How Would You Change Our Product?

It seems that not a day or an hour goes by without a company thinking about asking customers to help design and define not just the marketing tactics for their product, but the product itself.

Are we taking co-creating too far? Are we asking too much of our customers?

Running a business in today’s consumer-driven world may be a challenge. On one hand you have the opinions of customers to listen to and take into consideration. On the other, you have a real need to reinvent your business, to make innovation part of your cycle, or your customers will go where their ideas gain traction.

In "Satisfied Customers Tell Three Friends, Angry Customers Tell 3,000," Peter Blackshaw outlines six drivers of credibility that every organization interested in customer conversations should uphold. When it comes to customer service, many companies continue to fall short.

Most companies still measure customer service by the wrong metrics. Numbers instead of quality and resolution of a customer call. Until you have put things right by customers, do you have the right to ask them to help you create your new product?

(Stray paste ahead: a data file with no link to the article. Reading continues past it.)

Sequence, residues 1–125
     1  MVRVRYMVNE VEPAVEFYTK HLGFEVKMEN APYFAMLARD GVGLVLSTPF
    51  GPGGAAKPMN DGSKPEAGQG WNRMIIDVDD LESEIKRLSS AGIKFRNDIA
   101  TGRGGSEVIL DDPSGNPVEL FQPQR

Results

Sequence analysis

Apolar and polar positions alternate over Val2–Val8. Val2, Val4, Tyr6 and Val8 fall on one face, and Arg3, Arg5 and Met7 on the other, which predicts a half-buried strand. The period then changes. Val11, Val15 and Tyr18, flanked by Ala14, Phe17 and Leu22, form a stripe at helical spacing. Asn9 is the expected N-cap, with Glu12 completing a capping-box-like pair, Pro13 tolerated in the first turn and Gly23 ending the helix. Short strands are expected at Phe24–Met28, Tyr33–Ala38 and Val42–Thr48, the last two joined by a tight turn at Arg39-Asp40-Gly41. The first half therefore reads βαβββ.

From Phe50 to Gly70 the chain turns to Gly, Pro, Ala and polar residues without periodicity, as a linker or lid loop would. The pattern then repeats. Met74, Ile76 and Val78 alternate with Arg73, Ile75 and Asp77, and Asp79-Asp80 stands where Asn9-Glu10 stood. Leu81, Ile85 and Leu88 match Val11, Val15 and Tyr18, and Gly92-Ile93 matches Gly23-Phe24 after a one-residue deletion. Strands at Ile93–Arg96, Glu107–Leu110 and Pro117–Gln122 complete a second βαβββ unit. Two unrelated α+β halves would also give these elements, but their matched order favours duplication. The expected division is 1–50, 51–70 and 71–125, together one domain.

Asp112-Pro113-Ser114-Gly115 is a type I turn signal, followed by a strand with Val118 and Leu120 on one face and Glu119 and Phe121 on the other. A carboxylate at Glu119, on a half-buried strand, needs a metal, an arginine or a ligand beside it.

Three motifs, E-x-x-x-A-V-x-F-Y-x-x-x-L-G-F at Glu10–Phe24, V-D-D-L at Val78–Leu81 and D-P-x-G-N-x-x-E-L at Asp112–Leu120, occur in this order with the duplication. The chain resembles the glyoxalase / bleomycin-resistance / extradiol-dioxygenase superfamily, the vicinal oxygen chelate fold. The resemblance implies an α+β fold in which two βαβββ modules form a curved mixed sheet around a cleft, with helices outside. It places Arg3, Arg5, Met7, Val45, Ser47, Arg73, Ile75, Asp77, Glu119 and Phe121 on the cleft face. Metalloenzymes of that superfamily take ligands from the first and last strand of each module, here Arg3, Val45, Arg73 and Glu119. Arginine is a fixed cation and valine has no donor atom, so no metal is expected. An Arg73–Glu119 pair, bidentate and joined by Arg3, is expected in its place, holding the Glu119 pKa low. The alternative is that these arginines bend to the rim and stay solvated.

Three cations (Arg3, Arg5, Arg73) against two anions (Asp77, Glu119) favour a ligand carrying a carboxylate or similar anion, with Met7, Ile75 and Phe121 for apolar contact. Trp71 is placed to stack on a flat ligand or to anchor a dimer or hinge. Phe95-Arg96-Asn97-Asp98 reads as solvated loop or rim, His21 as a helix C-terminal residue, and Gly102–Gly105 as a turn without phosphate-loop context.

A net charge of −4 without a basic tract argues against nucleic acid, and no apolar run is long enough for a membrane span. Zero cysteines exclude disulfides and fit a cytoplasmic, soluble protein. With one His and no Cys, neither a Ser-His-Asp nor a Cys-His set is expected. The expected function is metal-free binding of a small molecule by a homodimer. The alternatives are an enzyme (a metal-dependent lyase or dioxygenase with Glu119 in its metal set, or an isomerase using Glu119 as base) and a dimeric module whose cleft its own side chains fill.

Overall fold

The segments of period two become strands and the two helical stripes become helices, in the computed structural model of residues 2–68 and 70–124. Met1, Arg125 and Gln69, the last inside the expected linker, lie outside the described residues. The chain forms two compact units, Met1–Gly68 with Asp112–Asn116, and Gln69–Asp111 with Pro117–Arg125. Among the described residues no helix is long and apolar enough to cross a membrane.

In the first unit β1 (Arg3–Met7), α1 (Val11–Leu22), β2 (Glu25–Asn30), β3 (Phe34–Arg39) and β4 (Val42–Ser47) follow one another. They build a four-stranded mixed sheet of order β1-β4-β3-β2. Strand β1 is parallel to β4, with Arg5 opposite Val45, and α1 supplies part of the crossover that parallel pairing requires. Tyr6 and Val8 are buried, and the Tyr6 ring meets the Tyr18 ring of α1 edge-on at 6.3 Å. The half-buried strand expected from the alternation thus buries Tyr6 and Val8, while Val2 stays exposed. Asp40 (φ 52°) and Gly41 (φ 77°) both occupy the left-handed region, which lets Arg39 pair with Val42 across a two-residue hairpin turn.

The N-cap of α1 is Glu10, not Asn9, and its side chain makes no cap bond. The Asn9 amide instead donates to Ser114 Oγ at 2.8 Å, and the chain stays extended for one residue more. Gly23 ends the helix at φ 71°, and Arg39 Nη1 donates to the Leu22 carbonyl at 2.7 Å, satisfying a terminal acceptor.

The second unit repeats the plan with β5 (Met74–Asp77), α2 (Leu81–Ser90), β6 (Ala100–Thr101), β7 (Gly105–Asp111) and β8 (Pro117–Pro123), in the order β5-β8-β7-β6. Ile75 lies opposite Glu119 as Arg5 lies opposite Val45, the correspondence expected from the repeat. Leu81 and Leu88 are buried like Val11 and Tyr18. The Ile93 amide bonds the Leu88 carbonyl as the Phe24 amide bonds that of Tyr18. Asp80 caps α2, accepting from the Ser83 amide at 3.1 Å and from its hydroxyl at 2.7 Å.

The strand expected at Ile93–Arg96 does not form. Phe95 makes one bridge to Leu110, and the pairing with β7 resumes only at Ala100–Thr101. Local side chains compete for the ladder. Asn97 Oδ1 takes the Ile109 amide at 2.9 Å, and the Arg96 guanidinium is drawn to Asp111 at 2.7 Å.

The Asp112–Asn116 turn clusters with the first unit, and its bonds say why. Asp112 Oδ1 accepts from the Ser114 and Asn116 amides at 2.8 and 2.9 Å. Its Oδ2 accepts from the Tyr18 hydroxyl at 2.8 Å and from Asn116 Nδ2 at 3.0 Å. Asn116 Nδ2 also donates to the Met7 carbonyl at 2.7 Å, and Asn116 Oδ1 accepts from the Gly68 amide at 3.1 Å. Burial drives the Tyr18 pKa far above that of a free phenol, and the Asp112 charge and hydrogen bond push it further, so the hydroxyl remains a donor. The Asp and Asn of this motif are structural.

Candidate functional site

There is indeed a sequence of events and corrections a company may need to put in place before earning the right to ask "how would you change our product" in a way that comes across as credible, authentic.

As Blackshaw writes in the book, there needs to be a fundamental realization that there is a gap between the corporate "faster/better/cheaper" and the authenticity necessary to earn customer ideas with a straight face.

Before asking "how would you change our product" some organizations will indeed need to understand what drives the conversation about their products and services and address their credibility in the marketplace.

Valeria Maltoni | Conversation Agent
www.conversationagent.com
http://Twitter.com/ConversationAge

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